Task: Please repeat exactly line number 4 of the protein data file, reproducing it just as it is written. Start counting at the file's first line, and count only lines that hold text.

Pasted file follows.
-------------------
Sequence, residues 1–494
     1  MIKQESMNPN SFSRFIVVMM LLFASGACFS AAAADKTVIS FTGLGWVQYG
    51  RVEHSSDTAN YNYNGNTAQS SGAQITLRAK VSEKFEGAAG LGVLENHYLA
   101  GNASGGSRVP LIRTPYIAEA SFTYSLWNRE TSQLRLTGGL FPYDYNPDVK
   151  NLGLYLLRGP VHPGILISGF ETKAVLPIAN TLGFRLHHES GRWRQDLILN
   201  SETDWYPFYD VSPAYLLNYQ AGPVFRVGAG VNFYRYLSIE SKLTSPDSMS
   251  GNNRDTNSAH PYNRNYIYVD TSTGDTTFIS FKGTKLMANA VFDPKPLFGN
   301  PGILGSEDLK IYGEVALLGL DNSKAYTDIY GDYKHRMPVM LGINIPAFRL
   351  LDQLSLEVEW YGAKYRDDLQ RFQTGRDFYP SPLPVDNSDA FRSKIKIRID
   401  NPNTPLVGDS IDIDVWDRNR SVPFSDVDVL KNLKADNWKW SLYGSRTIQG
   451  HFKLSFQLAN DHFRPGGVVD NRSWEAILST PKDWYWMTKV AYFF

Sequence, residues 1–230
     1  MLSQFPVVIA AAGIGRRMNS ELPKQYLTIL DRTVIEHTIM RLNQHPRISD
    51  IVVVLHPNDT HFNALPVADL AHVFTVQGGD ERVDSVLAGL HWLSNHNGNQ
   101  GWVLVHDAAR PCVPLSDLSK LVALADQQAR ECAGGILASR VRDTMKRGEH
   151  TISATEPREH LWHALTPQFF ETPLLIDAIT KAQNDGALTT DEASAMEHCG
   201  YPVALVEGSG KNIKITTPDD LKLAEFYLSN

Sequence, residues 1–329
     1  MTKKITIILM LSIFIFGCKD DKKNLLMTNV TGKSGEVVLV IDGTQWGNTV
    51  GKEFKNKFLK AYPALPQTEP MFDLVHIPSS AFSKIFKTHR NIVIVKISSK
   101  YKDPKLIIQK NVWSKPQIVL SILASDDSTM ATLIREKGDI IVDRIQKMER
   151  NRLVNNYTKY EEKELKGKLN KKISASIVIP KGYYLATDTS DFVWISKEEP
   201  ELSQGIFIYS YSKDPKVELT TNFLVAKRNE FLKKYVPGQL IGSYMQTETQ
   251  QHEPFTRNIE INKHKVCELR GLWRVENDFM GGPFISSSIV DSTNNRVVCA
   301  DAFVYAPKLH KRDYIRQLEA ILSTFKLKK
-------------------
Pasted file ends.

   101  GNASGGSRVP LIRTPYIAEA SFTYSLWNRE TSQLRLTGGL FPYDYNPDVK